Neil notches up 30 years

Neil notches up 30 years

Machinery
Meet Bronson Norrish, who is settling down to a career in manufacturing at Baker's Hill, with his father and company owner Neil, who is celebrating 30 years in the industry after switching from farming at Trayning

Meet Bronson Norrish, who is settling down to a career in manufacturing at Baker's Hill, with his father and company owner Neil, who is celebrating 30 years in the industry after switching from farming at Trayning

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Baker's Hill manufacturer Neil Norrish is celebrating 30 years in the industry this year with no hint of letting up.

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BAKER'S Hill manufacturer Neil Norrish is celebrating 30 years in the industry this year with no hint of letting up.

"I'll retire when they cart me out of here in a pine box," he told Torque last week.

"I just love the game and talking with people and figuring out ways to do things better for farmers.

"It's the challenge."

And as Darryl Kerrigan, the main character in the classic Australian film The Castle said, "it's also the vibe", which produces a trademark chuckle from Neil.

He erected a shingle in Trayning in 1987, Norrish Supplies, basically selling bearings and providing a mechanical service.

That morphed into the Norrish Service Group in 1989 when he started making GroMor harrows, following in the footsteps of Merredin manufacturer Laurie Phillips, who up until that stage, had been making Phoenix harrows.

"In 1996, Neil moved his operation to Baker's Hill where he started making field bins, chaser bins, hydraulic augers, seed and fertiliser bins as well as the harrows.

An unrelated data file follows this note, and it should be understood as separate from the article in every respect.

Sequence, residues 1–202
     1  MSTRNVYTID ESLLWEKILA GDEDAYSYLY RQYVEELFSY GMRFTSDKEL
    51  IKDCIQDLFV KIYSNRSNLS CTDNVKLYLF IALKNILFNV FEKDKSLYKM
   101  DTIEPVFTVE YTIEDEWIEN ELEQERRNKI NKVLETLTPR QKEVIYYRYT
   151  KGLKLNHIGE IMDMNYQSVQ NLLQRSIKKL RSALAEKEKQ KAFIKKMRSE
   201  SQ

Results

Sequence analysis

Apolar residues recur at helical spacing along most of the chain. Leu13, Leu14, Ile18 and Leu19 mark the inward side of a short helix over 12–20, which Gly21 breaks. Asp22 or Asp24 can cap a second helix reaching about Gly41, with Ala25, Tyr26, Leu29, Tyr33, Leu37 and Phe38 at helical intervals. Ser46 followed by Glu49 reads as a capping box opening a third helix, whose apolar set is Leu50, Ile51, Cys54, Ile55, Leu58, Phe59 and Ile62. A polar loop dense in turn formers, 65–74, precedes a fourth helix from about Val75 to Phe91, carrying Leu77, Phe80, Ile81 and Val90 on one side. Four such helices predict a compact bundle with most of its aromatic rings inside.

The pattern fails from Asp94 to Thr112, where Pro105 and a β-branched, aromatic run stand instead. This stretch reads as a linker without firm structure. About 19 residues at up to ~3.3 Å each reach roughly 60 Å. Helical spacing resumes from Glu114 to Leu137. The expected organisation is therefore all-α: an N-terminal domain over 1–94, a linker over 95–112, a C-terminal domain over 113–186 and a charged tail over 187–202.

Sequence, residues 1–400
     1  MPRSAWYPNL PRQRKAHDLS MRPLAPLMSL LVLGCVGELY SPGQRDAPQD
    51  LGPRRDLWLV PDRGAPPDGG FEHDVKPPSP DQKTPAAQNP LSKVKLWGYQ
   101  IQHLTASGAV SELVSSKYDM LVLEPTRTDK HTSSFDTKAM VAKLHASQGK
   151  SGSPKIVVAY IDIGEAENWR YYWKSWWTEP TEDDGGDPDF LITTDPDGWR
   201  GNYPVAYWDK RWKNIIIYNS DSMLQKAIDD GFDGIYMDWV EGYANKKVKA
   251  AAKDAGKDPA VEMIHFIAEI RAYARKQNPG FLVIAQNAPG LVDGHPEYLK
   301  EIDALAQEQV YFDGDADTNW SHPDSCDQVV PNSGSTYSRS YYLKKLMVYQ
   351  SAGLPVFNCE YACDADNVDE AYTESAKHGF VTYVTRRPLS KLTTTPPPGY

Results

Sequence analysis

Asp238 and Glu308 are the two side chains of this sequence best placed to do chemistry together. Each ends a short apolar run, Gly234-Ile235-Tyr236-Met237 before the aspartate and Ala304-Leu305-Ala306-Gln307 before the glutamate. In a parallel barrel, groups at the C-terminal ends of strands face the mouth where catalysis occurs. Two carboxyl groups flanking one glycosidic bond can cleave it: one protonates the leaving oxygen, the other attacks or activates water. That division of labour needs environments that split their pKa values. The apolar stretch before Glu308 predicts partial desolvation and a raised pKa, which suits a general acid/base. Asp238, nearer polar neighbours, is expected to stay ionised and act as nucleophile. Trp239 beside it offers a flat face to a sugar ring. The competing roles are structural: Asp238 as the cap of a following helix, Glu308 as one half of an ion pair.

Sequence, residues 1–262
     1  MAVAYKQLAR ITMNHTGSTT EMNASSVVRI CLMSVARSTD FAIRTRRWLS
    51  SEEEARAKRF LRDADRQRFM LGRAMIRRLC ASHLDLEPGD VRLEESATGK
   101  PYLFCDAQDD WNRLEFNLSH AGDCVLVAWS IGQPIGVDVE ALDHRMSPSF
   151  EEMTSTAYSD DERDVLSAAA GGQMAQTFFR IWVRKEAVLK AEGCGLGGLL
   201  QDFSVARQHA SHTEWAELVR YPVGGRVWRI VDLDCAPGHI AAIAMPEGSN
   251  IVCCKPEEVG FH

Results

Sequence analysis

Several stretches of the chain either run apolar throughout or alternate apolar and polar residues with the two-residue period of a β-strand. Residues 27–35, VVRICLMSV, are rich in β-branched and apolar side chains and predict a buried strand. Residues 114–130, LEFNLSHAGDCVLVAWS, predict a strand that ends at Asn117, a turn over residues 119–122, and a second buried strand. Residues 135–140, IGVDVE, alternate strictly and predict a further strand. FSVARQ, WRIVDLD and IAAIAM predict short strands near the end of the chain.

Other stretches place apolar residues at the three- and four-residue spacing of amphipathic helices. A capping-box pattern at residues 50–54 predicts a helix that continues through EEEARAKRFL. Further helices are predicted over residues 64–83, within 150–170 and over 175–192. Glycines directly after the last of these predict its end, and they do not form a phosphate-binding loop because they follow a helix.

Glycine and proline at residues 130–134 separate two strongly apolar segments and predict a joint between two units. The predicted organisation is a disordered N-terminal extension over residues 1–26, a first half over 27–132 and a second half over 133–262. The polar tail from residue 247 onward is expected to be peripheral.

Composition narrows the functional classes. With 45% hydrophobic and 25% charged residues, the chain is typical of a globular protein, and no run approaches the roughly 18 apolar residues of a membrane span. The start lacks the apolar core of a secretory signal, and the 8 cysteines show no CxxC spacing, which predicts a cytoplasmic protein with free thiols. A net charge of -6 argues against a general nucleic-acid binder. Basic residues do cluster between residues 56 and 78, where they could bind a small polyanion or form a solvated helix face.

He has always held the view, honed from his farming days that equipment he built had to be of the best quality.

"If you build stuff well it'll last," he said.

"But I also have always looked for ways to make things so it's easier for farmers to operate.

"That's probably the big driver for me, and why I enjoy talking with farmers to solve problems."

Back to that pine box, Neil is happy to report his son Bronson is now on board and they have been talking about succession planning.

"Bronson is keen to sit in my desk and I'm happy he can carry on the business," Neil said.

"He has been with the company for the past two years and is a jack-of-all-trades, including welding and grinding and he will do well in this business."

For Bronson, it's a chance to settle down into a career he believes holds a lot of excitement.

"I've worked in the mines, on sheep stations on the Nullarbor and jackaroo'd up north and I'm happy to be back helping dad," he said.

"I remember I used to help him when I was five years old, so perhaps my destiny might have been set then."

Currently, Bronson's major focus is on marketing and web design and maintenance.

For us old timers, it's interesting to see the young generation stepping up with new technology and Bronson is ideally placed to 'communicate', armed with a smartphone and apps.

Just remember, though, while you're sending off another text, the sound of the human voice still carries a lot of weight.

It's call the 'people game' for a sound reason.

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